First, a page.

There’s nothing quite like a woman who kicks butt. To say that a woman belongs to the weaker sex is, by now, the sheerest commonplace. What a man can do, a woman does better.
More than three decades ago, the idea of women behind the wheel of a car—and for that matter, trucks, taxis, jeepneys—got a smirk and a raise of the eyebrows from men who would insist that motor vehicles are for men only. That women couldn’t handle that kind of stuff. That driving such a complicated machine is not for the faint of heart.
Hey, wait a minute. Look out for the woman, she who was born with gasoline in her veins. It’s in her DNA—the unaroused misterly chromosome numbers. She just didn’t find them earlier.
Over the years, women drivers have brought a determinative level of refinement to the industry where male drivers used to dominate. Gender stereotypes have been challenged. The “weaker sex” has proven its seriousness and readiness to take on roles outside its traditional range. Consequently, she opened up a whole new page in women’s empowerment history, maximizing her potentials as she takes control of the road simultaneously with doing kitchen chores and the laundry, taking the kids to and from school, and picking up some broccolis at the supermarket.
Tough job, but she’s got balls to do all that and more.
Last weekend, a number of empowered women whose common interest in driving had morphed into an advocacy, held “Women! Drive The Future” awareness campaign launched at the Black Bird in Makati City with partners Pilipinas Shell celebrating its 105th year in the Philippines and A-1 Driving School. They were the typical Gen Xers and Millenials in comfortable clothes, signature jeans, clutching their mobile phones, and enjoying cold citrus drinks. The attendees were top female drivers and innovators for women empowerment: Vanessa Ejercito, Shell FuelSave Brand Manager; Luna Garcia, A-1 Driving School Business Development Head; race car driver Michele Bumgarner, international racing winner at age 15 while in high school; Rowie Abracero, Directress of the Girls Racers Club; Kelly Misa Fernandez; Patty Laurel-Filart; and Bianca Santiago who shared their experiences on the road.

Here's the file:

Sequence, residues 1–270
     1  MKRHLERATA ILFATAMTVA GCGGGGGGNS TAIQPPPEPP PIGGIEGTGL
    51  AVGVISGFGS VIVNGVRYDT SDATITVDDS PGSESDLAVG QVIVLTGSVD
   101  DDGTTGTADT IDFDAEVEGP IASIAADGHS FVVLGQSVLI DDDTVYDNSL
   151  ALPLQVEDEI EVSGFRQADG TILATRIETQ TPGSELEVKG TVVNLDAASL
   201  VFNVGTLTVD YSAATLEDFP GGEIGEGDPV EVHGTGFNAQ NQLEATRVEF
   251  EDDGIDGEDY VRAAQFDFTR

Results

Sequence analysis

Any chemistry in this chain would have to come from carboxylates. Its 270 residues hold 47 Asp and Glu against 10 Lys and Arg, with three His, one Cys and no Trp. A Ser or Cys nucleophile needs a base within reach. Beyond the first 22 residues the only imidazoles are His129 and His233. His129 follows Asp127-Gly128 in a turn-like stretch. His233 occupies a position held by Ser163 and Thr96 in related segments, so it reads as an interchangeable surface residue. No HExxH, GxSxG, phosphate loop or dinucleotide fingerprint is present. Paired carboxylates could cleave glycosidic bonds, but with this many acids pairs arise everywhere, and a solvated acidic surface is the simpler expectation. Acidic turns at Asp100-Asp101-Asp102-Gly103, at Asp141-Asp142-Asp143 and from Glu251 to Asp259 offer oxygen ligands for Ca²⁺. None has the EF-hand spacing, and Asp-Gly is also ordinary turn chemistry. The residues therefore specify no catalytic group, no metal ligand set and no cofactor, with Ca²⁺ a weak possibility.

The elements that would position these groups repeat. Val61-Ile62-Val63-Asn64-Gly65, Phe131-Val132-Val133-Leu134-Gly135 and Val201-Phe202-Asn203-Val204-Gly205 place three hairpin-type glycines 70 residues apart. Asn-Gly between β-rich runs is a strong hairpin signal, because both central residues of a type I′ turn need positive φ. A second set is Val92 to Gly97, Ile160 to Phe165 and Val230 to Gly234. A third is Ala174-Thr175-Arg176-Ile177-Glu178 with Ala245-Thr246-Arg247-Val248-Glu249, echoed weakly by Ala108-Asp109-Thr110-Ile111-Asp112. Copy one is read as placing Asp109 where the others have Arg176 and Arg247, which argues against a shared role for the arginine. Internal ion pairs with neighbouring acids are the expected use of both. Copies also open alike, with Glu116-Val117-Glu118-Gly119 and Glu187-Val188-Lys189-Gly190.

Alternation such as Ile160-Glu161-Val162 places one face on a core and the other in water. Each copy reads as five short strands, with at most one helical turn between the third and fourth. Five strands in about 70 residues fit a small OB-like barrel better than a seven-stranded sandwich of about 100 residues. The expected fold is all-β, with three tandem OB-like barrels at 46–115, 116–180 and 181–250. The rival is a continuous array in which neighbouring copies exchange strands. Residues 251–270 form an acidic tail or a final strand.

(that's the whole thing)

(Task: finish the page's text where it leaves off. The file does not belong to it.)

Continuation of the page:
Topics were varied: safety on the road, respect for other drivers, road courtesy, balancing work and life, updates on traffic regulations, and constant awareness to that certain kind of freedom, power, and flexibility away from domestic drudge work given the many possibilities relative to her new found strength
An interesting issue was raised during the meeting: are women better at driving than their male counterparts? In an industry dominated by men, there is a noticeable mark that separates each personality. Men are less cautious than women, driving aggressively at inordinate speeds which invite trouble with the law. Female drivers tend to ride at a pace they are most comfortable with and keep eagle eyes on the mandatory traffic speed limit. In stop-and-go situations, men drive closer and more tightly than a female driver does who calmly and cautiously maintains a safe riding distance to other cars. Male drivers make critical turns and spend less time when parking ---to his credit, accurately and with precision. Alas, parking has always been a bete noire for women drivers whose parallel parking is not their strongest flair. Male drivers get more tickets for drunken driving; women drivers wisely avoid getting intoxicated when hitting the road.
There are many perils out there, and conditions that insist on subverting that fixed image of her being fragile and prone to helplessness, but these have only made the woman driver to become a supremely confident person. When she gets behind the steering wheel … when the engine starts to roar … when adrenaline takes over … when her gauge for adventure becomes wider … she is the hardest nut to crack. Eat her dust.
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